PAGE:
International edition
September 19, 2021

Over 70% of the people surveyed in a recent poll

Most Atlantic City visitors plan to return in the next 6 months

Most Atlantic City visitors plan to return in the next 6 months
Of the respondents who have visited since July, 80% said they were either extremely satisfied or very satisfied with the guidelines in place while dining, gambling or walking on the Boardwalk.
United States | 03/10/2021

A survey by the Lloyd D. Levenson Institute of Gaming, Hospitality and Tourism showed that more than 42% of respondents said they had visited the city at least once since the casinos reopened in July.

O

ver 70% of the 805 people surveyed by Stockton University’s Lloyd D. Levenson Institute of Gaming, Hospitality and Tourism (LIGHT), said they plan to visit Atlantic City within the next six months, according to the survey.

In addition, more than 42% of respondents said they had visited the city at least once since the casinos reopened in July. The remaining respondents cited COVID-19 as the reason they didn’t visit.

“Those who have visited since the casinos reopened say they were satisfied with the safety precautions in place,” said Phil Kening, a Stockton faculty member and lead researcher on the survey, as reported by The Press of Atlantic City.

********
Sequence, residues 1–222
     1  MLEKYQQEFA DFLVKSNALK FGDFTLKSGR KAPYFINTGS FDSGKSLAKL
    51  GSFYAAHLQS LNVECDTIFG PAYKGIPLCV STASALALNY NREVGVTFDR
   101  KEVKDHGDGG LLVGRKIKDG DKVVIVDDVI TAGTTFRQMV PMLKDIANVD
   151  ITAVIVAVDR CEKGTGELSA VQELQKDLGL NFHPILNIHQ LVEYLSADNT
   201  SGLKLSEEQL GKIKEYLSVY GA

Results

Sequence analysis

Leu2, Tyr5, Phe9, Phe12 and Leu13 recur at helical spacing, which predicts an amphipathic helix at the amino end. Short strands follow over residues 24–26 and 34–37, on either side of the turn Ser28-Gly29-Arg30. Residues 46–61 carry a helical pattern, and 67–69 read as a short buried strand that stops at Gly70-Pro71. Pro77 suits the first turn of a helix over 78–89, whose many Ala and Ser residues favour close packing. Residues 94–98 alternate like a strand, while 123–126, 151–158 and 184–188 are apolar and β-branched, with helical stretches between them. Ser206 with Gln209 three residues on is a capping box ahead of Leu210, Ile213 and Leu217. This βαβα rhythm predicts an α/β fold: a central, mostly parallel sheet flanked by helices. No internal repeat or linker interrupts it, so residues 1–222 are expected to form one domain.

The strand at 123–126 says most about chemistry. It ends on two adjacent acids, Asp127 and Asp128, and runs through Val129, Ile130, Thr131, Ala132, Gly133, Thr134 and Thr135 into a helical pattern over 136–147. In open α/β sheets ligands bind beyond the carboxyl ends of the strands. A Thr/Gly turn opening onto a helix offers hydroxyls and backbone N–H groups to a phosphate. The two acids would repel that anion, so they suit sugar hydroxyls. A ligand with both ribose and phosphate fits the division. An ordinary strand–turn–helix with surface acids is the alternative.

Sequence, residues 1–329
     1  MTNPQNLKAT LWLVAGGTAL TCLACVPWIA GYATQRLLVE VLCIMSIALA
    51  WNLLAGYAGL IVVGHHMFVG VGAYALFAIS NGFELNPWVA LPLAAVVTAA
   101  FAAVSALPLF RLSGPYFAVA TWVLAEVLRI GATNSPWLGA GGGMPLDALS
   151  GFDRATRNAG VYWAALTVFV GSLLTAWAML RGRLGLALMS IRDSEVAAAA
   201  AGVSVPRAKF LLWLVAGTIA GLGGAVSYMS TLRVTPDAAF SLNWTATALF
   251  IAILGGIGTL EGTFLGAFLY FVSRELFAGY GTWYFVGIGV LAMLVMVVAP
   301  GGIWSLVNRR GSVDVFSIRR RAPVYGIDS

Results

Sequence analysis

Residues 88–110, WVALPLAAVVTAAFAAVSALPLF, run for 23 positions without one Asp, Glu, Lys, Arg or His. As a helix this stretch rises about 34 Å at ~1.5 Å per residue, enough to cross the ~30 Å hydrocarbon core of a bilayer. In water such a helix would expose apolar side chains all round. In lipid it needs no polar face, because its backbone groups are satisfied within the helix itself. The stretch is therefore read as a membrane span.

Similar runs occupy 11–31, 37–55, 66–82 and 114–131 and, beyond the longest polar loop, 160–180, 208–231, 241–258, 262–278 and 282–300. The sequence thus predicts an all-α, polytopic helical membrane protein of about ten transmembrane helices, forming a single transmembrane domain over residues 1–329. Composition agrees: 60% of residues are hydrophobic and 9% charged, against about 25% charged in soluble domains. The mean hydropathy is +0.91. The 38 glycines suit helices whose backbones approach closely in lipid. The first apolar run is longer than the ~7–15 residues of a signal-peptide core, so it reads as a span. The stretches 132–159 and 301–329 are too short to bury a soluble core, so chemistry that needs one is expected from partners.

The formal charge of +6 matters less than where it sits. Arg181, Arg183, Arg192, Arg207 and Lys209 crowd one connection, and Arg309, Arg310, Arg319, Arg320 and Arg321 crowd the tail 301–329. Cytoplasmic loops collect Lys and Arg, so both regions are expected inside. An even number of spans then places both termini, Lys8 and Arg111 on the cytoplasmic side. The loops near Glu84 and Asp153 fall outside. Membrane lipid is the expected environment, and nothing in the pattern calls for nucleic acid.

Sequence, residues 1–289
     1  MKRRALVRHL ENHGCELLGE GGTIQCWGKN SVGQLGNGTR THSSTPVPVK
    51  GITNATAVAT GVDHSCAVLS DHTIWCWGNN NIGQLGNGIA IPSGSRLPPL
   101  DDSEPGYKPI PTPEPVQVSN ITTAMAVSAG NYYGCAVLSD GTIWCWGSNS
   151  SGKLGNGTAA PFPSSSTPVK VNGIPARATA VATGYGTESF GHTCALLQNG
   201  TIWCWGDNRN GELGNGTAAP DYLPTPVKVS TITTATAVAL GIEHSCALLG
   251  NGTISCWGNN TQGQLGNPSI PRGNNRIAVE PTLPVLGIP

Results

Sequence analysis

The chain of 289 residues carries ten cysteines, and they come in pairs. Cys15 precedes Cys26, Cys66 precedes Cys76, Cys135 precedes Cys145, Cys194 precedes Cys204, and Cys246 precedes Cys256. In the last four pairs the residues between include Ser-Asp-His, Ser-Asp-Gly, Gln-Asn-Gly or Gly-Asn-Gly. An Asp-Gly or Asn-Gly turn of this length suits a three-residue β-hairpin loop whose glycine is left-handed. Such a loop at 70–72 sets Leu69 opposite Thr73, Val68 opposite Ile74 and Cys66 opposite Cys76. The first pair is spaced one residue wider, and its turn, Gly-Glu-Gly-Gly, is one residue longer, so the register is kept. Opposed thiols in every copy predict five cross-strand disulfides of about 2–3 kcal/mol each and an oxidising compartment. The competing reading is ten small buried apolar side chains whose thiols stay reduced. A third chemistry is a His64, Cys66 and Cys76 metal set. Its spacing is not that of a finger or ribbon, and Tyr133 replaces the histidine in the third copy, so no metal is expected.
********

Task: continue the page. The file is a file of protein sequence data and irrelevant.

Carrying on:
Of the respondents who have visited since July, 80% said they were either extremely satisfied or very satisfied with the guidelines in place while dining, gambling or walking on the Boardwalk. “The casinos and other dining and entertainment venues have done a good job implementing COVID-19 safety measures while also still providing the experiences visitors expect when they come to Atlantic City,” Jane Bokunewicz, coordinator of LIGHT, said in a statement. “Even as restrictions are gradually lifted, and more people get a vaccine, the venues will still have to demonstrate that they are taking all necessary precautions to make visitors feel welcomed and safe.”

The city’s nine casinos were shut down from March 16 to July 2, to mitigate the spread of COVID-19. The closure resulted in more than $112 million in operating losses. In February, Gov. Phil Murphy signed an executive order that allowed casinos to increase capacity to 35%.

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